Unsurprisingly, the honeymoon proves to be a disaster, with Noémi unable to overcome the revulsion that the sight and presence of her husband quickly combine to induce in her.  Although they share a bed, this is literally the only thing they share, with the girl lying perfectly still beside the miserable and deeply guilty Jean, hands crossed over her chest like one of the saints whose statues adorn the walls of her beloved church.  Their wedding trip, which was to have lasted three weeks, is over in ten days, after which, smiling bravely for appearances' sake, they return to Saint-Symphorien to begin their married life together in the house of Jérôme –– an arrangement that delights the invalid who, in his bru [daughter-in-law], finds someone even more devoted to the cause of easing his largely imagined suffering than his son and their sharp-eyed maid Cadette.  

Le Livre de Poche France, c 1965
Nursing her father-in-law becomes an act of atonement for Noémi, her way of dealing with the shame she feels at being unable to love the kindhearted Jean in the way she knows he wants and deserves to be loved.  It also allows her to sublimate at least some of the lust she feels for the handsome new doctor who becomes a regular visitor to the house as he attempts to treat Jérôme for his impressive collection of exaggerated ailments.  Jean's response to his wife's revulsion is to leave the house early each morning and stay away from it until just before suppertime –– a tense, mostly silent meal which precedes the even more awkward ritual of retiring to their room for the night.  'Jean Péloueyre, dans les ténèbres, devinait la rétraction du corps adoré et s'en éloignait le plus possible.  Quelquefois, Noémi, avançant une main vers ce visage moins odiuex puisqu'elle ne le voyait plus, y sentait de chaudes larmes.  Alors, pleine de remords et de pitié, comme dans l'amphithéatre une vierge chrétienne d'un seul élan se jetait vers la bête, les yeux fermés, les lèvres serrées, elle étreignait ce malheureux.'  [Jean Péloueyre, in the shadows, became aware of the retraction of this adored body and thrust himself away from it.  Sometimes, Noémi, moving a hand towards a face made less odious because she could no longer see it, felt hot tears upon it.  Then, filled with remorse and pity, as in a Roman amphitheater when Christian virgins threw themselves in one leap onto wild beasts, eyes closed, lips clenched, she embraced this poor unfortunate.']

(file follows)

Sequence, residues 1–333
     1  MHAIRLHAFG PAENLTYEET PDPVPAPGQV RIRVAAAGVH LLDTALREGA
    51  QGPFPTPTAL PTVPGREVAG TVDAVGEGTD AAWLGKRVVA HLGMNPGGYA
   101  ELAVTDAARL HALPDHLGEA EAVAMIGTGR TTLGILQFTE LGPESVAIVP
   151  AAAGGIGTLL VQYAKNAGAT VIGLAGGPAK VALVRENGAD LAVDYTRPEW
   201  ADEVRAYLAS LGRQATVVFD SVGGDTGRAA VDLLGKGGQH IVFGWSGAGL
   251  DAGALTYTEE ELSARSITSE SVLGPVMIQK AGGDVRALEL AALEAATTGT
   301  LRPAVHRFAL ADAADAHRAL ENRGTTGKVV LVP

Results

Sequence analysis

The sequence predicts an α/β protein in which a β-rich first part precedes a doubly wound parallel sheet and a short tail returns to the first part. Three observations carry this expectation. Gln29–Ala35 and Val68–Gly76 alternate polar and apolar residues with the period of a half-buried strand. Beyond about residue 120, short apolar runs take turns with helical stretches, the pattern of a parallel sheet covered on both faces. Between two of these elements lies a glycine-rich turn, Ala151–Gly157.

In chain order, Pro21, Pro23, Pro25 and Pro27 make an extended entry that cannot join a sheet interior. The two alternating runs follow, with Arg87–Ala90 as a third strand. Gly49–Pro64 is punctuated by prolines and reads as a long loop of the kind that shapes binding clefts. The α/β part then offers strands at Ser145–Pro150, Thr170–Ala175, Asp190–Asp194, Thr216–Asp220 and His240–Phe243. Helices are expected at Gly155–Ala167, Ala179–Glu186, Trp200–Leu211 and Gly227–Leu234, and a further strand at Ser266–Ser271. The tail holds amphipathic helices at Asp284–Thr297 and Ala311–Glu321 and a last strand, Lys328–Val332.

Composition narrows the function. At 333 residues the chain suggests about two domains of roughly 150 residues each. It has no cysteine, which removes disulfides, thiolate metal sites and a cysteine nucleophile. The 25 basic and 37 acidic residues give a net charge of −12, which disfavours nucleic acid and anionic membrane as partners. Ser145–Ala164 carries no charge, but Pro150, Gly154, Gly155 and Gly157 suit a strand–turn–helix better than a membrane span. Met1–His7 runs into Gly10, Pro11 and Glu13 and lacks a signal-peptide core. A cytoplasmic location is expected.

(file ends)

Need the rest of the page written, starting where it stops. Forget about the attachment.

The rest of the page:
Things continue in this unrewarding fashion until the curé, still a frequent visitor to the Péloueyre home, urges Jean to finish writing the local history of the area he'd been working on prior to his marriage.  Jean is reluctant to resume the project, explaining that he'll need to go to Paris to inspect certain otherwise unobtainable documents in order to do so.  Noémi loyally supports her husband's decision to remain at home, complaining that she will miss him too much if he leaves –– the sort of charming sentiment a devoted bride is expected and, indeed, encouraged to express on such occasions.  But the curé is insistent.  Jean is talented and his talent should not be permitted to go to waste simply because he's taken a wife.  The trip to Paris is soon arranged, Jean's heart filling with joy as the prospect of his departure appears to make Noémi apprehensive and, at times, genuinely sad.  But, as always, his joy is cut short when he asks Noémi how she'd feel if he stayed in Saint-Symphorien a question that quickly reduces the conflicted girl to tears.  'Rassure-toi,' he tells her after she, still weeping, once again rolls away from him in bed, 'je m'en irai.'  ['Reassure yourself I'm going.']